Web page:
Next time people at a party ask whether you’re going to write about them, just say: “No. Yes. But only as much as I need to, sometimes, when it makes sense, and I’ll throw in enough other people that you won’t be able to tell for sure.”

Too embarrassing if (when!) you get caught. This one’s fairly self-explanatory. Unfortunately, I learned it the hard way. I wrote a lot of my early stories without thinking about publication as a real possibility, so I didn’t worry much about how other people would take them. Since editing and submitting both take ages, by the time I’d gotten an offer for a story, it usually felt detached from whatever (or whoever) had inspired it, so I had no qualms about the characters I’d ‘borrowed’ from real life. Unfortunately, the real people weren’t as forgetful. Since I’d changed things to fit the plot, the people often came off much worse than my real-life opinions of them. For example, I’d once noticed a friend being what I called a “ruiner.” We were eating the same dish and I was enjoying mine until she said how gross it was. Not a big deal, but it gave me the idea for a character who couldn’t enjoy anything or let anyone else enjoy it, either. Totally not the case with the real-life friend, but she definitely thought it was after reading that story!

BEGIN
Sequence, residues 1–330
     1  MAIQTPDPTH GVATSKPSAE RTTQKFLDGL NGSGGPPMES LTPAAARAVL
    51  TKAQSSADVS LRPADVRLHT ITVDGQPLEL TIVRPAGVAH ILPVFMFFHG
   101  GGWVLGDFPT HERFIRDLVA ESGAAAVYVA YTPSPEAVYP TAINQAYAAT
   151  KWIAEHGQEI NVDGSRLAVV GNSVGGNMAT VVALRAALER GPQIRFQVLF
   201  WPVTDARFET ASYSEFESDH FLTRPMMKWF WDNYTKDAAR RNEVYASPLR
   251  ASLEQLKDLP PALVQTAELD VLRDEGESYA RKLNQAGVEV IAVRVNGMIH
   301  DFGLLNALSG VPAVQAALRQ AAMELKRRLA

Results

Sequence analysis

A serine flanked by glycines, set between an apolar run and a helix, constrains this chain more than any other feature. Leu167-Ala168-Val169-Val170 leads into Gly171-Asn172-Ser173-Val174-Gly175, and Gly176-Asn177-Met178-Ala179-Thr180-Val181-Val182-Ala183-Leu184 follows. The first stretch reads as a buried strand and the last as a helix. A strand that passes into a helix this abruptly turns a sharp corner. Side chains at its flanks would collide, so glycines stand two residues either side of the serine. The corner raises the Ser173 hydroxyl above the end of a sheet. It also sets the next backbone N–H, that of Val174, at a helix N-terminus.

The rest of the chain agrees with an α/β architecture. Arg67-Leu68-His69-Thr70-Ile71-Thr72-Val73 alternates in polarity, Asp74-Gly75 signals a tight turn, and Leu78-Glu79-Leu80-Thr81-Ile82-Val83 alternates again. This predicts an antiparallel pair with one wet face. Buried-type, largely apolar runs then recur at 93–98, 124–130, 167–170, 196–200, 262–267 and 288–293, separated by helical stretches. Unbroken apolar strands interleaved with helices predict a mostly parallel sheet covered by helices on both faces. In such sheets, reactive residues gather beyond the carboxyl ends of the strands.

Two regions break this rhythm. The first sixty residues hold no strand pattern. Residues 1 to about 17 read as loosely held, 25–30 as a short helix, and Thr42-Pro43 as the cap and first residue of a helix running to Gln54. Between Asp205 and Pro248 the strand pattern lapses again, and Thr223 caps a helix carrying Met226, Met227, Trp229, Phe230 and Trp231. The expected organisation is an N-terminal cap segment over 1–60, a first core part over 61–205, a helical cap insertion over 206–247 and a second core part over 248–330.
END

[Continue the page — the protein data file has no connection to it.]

How to do it anyway

That being said, you can and should draw on real people to inspire your characters. Most of what we know about humanity, we’ve learned through our own experiences or other people’s. A fictional character with no resemblance whatsoever to anyone you know probably isn’t very realistic. I mean realistic in a very specific sense here: whether a character’s emotional reactions, trains of thought, decisions, actions, etc. make sense in the context of who that character is and what’s going on around him or her. Sure, your character might be an extraterrestrial blob of slime, but I as a reader would still find it distracting if that blob did something totally out of character. Here are a few things to watch out for when letting real people inspire you.